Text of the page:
Skip to main content

Repression or recovery? UK's relations with Turkey

25 March 2017

The Foreign Affairs Committee has affirmed the importance of Turkey as an international partner for the UK, but raises concerns about the weakening of both democracy and human rights in the country as the UK moves to strengthen the bilateral relationship.

The UK's relations with Turkey, supports the establishment of a strategic relationship between the UK and Turkey. During the inquiry, the UK emphasised the opportunities inherent in expanding trade, defence, and security ties between the two countries.

Turkey's role as a central regional power

Turkey is a central regional power and its choices will dictate whether the region has a path to security and stability or otherwise. There is an obvious common interest both in the fight against ISIL and support for refugees, but also in the wider restoration of regional stability.

However, Turkey comes with its own domestic challenges. The coup attempt of 15 July 2016 was an attack against Turkey's democracy, condemned by the UK Government. Through prompt displays of solidarity, the FCO ensured that the UK was seen by Turkey's leadership as a friend and close ally of the Turkish people.

The Gülenists role in the coup attempt

But, despite the FCO's repeated emphasis on the distinctive "understanding" shown to Turkey, the Department knows too little about the Gülenists - who the Turkish government exclusively blames - and their role in the coup attempt. The FCO seemed broadly willing to take the Turkish government's account at face value and seemed unable to offer an independent analysis.

The Committee took evidence from the Gülenists, including an oral hearing which stands as a rare example of the movement being scrutinised in public. Evidence indicates that individual Gülenists were involved in the coup, but is so far inconclusive about the movement as a whole, or its leader, being responsible. The FCO did not have evidence to justify the designation of the Gülenists as a terrorist organisation by the UK, and the Committee agrees with this assessment.

Democratic culture and human rights in Turkey

The UK was right to support Turkey against the threat posed by the coup attempt. However, actions undertaken by the Turkish government under its current State of Emergency undermine democratic culture and human rights in Turkey. In the effort to secure its wider interests, the UK risks being perceived as deprioritising its own values in human rights.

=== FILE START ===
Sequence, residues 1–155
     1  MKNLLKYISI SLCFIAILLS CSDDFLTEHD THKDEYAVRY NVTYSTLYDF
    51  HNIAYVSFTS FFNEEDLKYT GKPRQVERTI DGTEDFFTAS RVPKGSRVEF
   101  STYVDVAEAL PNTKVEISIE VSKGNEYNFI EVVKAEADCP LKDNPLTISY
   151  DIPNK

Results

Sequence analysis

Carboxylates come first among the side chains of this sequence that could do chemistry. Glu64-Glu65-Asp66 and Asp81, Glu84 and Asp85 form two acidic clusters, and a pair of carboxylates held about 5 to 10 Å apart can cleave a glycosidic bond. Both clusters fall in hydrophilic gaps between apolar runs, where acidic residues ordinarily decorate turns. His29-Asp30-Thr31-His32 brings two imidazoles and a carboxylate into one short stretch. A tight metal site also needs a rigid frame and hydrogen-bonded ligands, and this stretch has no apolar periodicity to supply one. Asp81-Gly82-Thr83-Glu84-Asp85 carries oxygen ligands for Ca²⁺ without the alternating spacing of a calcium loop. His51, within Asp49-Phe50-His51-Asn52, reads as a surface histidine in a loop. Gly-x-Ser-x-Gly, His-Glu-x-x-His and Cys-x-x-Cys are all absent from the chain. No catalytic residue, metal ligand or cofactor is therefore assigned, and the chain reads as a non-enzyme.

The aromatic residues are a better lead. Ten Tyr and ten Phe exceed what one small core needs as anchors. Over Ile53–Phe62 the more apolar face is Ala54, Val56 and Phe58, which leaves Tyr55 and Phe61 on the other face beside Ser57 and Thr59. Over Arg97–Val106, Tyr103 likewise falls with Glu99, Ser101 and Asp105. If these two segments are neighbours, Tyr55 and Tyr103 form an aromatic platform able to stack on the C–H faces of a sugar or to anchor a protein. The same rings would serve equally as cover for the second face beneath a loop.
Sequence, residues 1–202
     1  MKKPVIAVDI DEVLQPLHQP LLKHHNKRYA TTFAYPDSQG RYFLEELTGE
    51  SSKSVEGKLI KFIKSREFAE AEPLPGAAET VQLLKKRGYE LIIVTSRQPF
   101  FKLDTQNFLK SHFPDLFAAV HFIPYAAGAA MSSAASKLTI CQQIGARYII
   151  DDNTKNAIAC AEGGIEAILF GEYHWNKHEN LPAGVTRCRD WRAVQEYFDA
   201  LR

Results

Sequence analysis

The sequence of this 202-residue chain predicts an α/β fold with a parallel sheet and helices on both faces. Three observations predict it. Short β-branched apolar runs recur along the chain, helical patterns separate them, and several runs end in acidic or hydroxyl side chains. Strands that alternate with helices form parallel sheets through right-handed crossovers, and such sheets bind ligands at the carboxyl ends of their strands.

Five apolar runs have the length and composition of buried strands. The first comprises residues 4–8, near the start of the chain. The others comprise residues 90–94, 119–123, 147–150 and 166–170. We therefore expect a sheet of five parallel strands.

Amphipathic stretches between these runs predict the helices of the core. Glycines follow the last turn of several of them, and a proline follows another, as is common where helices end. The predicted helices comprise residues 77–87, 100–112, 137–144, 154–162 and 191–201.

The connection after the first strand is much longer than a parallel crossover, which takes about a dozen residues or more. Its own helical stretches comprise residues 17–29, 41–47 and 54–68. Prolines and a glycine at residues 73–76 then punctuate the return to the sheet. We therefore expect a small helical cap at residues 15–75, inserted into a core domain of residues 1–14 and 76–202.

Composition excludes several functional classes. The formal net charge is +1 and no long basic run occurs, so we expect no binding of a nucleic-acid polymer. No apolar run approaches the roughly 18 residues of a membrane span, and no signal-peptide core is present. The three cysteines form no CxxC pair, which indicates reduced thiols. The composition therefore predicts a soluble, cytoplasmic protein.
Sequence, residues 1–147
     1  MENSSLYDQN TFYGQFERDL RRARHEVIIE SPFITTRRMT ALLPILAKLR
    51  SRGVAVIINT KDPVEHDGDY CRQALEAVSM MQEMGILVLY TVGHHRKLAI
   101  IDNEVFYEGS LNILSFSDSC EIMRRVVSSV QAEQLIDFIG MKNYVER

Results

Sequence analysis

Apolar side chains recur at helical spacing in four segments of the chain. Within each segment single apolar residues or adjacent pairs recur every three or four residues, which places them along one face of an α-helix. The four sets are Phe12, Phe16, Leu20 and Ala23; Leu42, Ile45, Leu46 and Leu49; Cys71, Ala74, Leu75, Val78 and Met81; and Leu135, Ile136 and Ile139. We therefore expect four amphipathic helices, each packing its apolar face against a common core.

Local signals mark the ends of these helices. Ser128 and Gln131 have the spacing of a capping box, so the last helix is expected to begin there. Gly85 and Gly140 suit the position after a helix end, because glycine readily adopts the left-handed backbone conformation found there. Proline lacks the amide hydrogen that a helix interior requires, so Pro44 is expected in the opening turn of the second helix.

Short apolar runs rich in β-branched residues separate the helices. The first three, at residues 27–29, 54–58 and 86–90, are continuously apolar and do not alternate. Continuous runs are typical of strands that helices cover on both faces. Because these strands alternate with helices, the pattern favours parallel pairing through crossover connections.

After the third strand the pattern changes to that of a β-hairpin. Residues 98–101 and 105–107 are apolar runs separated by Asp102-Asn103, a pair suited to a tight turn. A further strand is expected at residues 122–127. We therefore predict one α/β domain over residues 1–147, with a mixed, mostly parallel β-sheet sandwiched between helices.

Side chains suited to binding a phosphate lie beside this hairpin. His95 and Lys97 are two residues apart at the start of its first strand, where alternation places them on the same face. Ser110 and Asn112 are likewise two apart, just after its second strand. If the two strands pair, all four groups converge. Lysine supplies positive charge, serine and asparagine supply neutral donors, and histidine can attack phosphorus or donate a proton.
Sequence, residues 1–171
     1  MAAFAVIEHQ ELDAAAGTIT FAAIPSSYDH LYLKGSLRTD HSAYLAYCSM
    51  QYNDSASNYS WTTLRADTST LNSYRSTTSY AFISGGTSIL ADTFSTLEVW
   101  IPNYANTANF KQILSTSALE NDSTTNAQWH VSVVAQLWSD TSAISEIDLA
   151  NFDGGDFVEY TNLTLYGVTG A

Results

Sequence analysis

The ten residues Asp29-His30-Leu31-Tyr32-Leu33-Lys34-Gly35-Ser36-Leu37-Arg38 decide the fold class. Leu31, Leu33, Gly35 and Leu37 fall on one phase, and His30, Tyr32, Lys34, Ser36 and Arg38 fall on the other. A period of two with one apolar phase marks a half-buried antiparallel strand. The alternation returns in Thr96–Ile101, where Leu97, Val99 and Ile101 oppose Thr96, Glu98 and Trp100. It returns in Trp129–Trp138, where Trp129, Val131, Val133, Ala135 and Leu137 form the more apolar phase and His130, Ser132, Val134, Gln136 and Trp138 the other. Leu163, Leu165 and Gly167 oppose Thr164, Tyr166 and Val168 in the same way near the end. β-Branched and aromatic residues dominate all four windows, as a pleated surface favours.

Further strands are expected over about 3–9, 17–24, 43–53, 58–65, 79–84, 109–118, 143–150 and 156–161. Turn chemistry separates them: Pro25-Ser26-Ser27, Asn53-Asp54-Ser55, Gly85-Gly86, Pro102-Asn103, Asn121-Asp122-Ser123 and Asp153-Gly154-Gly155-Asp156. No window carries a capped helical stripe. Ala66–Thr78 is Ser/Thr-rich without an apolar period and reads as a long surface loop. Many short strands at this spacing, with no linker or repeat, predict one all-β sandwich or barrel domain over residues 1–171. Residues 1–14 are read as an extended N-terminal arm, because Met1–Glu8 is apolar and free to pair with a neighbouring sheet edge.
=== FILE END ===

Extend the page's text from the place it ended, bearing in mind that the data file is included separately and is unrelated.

Despite the scale of the threat faced by Turkey, the Committee concluded that the Turkish government's response has been disproportionate.

Chair's comment

Chair of the Foreign Affairs Committee, Crispin Blunt MP, commented:

"Turkey is an important strategic partner facing a volatile period. It needs and deserves our support, but that support needs to include our critique where Turkish policy is not is its own, or our joint long-term interests: these are regional security and stability as well as strong and accountable institutions in Turkey.

The current purges by the Turkish government amount to a root-and-branch attempt to eradicate the Gülenist movement from positions of public influence, but they have also extended beyond that to affect opposition and pro-Kurdish activists.

Large numbers have been punished on the basis of a broad and vague definition of 'terrorism' and a worryingly low threshold of evidence. Many of those dismissed and detained have been punished without trial or access to the evidence against them. There are alarmingly inadequate avenues for redress.

There purges risk undermining Turkey's reputation, its economy, the UK's ability to trade there, and the capabilities of the Turkish military against shared enemies such as ISIL. More fundamentally, the undermine the values of human rights and democracy in Turkey, already significantly weakened before the coup.

We met President Erdoğan during our visit, and he has made himself as central to twenty-first century Turkey as Mustafa Kemal Atatürk was in the twentieth century. But now is a profound moment of decision for him and his divided country. Whether he secures an executive presidency or not, the choices that President Erdoğan now makes will determine whether Turkey will be a repressive or a recovering state. Avoiding catastrophe, and instead shaping a positive outcome, is clearly in the interest of the UK's economy, security, and values.

The FCO must help Turkey reinforce accountable state institutions, while also developing ties far beyond them: the UK needs a deeper and therefore more durable relationship with the Turkish people, whichever background they hold, while working to uphold the values of human rights and democracy that benefit them all."

Committee's visit to Turkey

The Foreign Affairs Committee visited Turkey in January 2017 and put questions to the senior political leadership, including President Recep Tayyip Erdoğan. It heard from a wide range of activists, journalists, and analysts - as well as business leaders and young Turkish citizens.

There is an intolerance of alternative narratives in Turkey, with the Turkish government broadly suppressing, discrediting, or punishing those who contradict its authorised accounts of sensitive events. The powers afforded by the State of Emergency - combined with a vaguely-framed definition of terrorism, a pliant media, and a politicised judiciary - have allowed the government to silence a broad spectrum of critics by labelling them as "Gülenists" or "terrorists" on the basis of light evidence or broad interpretations. While the Committee supports the British Government's effort to win itself a voice to help deliver a positive future for Turkey, it must not forget its responsibilities to promote our democratic values. And therefore it recommends that Turkey is listed as a Human Rights Priority Country.

Further information

Image: iStockphoto